This morning when I pulled open the front door and stepped outside, I was greeted by a bright blue sky and crisp autumn air. While I was still dressed in shorts, I did have enough sense to put on a light cardigan after seeing that the morning temperature was a mere 57 degrees. I do not need a calendar to support my declaration that summer as I know it has come to an end.
Endings bring about their own special sort of sadness, but for better or for worse, they are also markers of new beginnings. While summer 2020 will technically linger on until September 22, for all intents and purposes, my year is already in the beginning of the autumnal season. I have started graduate school and my schedule is filling up with classes, meetings, and blocks of time dedicated to grading assignments and writing papers. How funny it is to be in school again. And this time (at least for the fall semester) 100% online! Without a new commute to attest to my transition from summer to fall, my passage into the school year has been gradual and somewhat lackluster. So, at this time, I would like to say a formal goodbye to summer with an aim to march into autumn with full force.
Unless you lead a quiet life of seclusion, this past summer for you was likely different from any others. I’m not bitter, but I will briefly say that the pandemic has stolen a handful of opportunities from me this past year including chances to travel, live on foreign soil, meet new people, and even just enjoy Boston a little more. Yet, when one door closes another one opens and instead my summer has been filled with work, hobbies, familiar surroundings, and routines. While this past summer was not everything I was hoping for, it certainly will hold a special place in my memories.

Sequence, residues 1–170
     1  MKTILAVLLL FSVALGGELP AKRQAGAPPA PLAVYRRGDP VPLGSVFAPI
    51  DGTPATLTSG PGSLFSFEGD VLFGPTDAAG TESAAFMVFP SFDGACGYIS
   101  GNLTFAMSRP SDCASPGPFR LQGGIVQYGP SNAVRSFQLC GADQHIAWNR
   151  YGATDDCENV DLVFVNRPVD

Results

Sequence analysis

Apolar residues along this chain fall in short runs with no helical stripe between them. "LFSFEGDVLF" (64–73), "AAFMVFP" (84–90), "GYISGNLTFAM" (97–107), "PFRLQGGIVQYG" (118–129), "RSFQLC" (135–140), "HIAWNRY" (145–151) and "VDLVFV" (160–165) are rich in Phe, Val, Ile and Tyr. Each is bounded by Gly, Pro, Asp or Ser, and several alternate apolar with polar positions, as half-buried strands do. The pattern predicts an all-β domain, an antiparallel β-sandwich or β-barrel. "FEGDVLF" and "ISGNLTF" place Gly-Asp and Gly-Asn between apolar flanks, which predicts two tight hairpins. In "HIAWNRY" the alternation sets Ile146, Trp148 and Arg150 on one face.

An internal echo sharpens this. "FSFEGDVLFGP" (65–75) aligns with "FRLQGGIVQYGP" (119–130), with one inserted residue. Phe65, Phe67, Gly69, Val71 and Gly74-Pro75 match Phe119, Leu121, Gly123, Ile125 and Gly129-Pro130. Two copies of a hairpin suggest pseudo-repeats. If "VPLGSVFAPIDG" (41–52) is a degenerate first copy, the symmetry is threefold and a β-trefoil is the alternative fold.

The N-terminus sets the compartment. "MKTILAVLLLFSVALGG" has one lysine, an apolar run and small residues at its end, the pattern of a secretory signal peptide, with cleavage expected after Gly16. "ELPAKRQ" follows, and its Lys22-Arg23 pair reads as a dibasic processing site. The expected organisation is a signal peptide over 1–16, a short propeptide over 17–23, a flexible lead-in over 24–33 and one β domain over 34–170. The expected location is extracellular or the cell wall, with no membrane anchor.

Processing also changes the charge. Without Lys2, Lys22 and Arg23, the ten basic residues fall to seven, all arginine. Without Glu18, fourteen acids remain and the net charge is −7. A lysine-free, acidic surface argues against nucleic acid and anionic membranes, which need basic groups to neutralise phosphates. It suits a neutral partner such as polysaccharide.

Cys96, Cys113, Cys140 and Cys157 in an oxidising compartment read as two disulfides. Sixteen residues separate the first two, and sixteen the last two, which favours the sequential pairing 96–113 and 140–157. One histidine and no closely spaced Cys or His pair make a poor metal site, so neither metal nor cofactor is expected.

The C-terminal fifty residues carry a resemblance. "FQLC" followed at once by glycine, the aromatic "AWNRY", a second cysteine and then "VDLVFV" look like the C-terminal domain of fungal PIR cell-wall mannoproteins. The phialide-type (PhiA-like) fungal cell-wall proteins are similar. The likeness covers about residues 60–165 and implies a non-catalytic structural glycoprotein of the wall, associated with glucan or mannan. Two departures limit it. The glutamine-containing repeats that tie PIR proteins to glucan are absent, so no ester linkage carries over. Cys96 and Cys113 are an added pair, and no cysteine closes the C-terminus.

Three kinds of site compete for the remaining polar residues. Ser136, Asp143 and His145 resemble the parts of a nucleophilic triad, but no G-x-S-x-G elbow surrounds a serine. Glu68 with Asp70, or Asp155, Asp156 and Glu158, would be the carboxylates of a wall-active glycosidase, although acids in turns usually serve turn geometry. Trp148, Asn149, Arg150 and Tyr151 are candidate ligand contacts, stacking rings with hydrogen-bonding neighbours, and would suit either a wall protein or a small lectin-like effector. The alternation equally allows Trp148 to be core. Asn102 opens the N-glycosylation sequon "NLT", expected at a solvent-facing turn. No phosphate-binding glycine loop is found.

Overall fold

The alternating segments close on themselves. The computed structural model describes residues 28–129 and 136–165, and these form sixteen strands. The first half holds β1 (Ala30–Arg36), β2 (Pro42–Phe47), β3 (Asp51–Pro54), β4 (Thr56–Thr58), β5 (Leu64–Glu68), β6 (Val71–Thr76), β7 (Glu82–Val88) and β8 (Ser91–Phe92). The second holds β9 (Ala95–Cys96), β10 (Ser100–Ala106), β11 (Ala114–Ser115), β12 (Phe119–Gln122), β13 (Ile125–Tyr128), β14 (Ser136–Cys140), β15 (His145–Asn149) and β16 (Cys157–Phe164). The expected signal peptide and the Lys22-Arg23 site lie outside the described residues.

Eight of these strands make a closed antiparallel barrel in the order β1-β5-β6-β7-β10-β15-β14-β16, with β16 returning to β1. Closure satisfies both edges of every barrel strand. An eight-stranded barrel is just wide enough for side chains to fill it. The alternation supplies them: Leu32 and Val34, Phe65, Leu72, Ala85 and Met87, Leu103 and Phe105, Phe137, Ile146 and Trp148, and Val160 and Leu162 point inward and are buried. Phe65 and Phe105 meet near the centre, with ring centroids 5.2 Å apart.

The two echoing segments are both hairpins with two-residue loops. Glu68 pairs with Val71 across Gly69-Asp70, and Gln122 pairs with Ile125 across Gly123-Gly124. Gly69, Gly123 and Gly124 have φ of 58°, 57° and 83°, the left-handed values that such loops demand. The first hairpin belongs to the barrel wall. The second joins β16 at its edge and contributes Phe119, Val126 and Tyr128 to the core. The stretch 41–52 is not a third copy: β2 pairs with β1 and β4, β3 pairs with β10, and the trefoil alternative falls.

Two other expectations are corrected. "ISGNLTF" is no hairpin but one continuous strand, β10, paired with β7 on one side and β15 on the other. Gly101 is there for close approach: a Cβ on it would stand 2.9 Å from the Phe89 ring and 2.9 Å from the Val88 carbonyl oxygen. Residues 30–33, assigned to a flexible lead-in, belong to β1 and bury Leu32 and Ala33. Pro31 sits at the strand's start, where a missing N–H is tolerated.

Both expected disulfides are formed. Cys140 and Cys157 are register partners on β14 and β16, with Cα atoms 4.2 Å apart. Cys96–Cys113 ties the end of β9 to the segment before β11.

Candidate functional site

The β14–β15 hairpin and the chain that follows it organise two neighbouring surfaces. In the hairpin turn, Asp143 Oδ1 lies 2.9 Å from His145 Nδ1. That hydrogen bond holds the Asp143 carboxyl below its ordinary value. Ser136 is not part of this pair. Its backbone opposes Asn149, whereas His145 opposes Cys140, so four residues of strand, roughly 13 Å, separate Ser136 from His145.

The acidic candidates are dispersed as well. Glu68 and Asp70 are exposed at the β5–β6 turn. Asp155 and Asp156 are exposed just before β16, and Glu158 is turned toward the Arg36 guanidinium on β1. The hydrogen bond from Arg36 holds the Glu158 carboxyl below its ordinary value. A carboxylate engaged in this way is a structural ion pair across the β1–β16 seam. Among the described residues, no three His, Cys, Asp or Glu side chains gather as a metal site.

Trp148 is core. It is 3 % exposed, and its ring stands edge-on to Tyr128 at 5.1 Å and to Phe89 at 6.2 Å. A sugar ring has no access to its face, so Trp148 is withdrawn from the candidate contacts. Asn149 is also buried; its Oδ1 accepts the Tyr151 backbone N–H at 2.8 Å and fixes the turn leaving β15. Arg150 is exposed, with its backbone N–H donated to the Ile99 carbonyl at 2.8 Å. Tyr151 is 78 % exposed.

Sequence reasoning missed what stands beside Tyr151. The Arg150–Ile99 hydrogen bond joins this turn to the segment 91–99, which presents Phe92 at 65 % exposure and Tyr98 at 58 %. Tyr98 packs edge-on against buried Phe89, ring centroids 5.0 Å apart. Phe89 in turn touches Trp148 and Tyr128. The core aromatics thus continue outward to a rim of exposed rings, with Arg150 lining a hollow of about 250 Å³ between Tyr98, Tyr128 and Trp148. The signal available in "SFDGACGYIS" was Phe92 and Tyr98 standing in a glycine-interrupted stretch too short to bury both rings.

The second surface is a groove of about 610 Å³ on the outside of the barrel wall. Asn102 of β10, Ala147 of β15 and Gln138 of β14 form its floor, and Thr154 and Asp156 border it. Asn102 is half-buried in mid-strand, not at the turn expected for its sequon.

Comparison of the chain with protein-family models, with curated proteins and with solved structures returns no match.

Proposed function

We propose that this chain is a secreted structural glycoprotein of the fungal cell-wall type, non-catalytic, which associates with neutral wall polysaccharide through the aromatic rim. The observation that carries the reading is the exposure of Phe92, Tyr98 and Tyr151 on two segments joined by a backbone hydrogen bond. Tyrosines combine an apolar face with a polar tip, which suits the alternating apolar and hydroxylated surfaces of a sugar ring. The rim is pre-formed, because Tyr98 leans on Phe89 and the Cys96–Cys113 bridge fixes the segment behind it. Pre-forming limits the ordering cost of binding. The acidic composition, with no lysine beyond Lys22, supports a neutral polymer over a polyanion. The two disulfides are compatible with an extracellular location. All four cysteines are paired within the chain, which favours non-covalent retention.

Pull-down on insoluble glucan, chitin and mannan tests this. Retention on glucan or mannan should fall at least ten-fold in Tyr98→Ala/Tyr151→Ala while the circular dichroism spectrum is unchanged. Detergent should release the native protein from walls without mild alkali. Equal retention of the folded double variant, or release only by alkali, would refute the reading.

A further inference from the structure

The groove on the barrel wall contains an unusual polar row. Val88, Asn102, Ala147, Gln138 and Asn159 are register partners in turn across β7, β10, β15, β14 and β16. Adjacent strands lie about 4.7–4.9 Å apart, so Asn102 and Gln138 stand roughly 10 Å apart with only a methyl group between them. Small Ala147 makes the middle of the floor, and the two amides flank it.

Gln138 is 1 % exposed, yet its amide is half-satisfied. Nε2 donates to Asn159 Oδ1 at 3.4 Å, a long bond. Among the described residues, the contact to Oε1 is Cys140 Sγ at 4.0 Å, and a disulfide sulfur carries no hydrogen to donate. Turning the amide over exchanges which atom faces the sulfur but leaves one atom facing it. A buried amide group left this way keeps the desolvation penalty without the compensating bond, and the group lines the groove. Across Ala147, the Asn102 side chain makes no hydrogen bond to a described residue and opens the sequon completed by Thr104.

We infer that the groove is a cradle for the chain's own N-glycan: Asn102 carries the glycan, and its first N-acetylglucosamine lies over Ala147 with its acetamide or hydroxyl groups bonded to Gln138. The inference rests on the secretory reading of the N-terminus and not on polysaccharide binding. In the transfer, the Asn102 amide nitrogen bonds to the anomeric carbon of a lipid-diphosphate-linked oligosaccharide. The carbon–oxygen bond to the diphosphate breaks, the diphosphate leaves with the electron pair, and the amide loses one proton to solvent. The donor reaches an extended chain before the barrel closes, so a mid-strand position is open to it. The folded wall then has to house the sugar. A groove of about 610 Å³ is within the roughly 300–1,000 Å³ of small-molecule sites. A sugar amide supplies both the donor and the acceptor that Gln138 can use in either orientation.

This past season, I (surprise, surprise) spent a lot of time at home. So much so that I’m afraid that I am turning into a homebody. There’s nothing wrong with enjoying your time in the house, however, I find that I am now reluctant to commit to outside engagements. When a professor asked whether I would be willing to meet with students in the physical classroom once a week, my immediate thought was why can’t I just meet with them through Zoom!? Yes, the virus is still a concern for me, but deep down, I also felt resistant about being forced out of my nest. In the past, I dreaded staying at home all-day. The only times that I would stay home even past 8am were on the occasions when I was too sick to leave (which was rare). Now, at times, I feel as if I have a bad case of “reverse cabin fever” — you can’t make me leave! (half kidding).
Even though I spent 93.5% of my summer (and I [roughly] calculated this) within a two-mile radius of my home, I did manage to do a little local/ regional travel (hence all the pictures in this post). A goodbye to summer means a farewell to New England at its most magnificent. The New England coastline can be picturesque in all seasons (whenever it’s not cloudy or foggy that is), however, the shore is most pleasant when the breeze is refreshing rather than biting. Visitors flock to the New England coast and with good reason — it is stunning. There are so many shades of blue and so many different textures to the sand. Despite our northern latitude the water is warm and inviting. There’s lobster, clam chowder, swordfish, cod, haddock, salmon, bass; and the ice cream is actually the very best. I wish I could capture the sights, sounds, and smells of a New England summer and shove it into a snow globe (a sand globe?) to save for the darkest, coldest, and wettest days, because they will be quickly upon us.
To conclude, I will simply say: Farewell summer 2020! You were challenging, frustrating, and somehow very, very special. I will always remember you!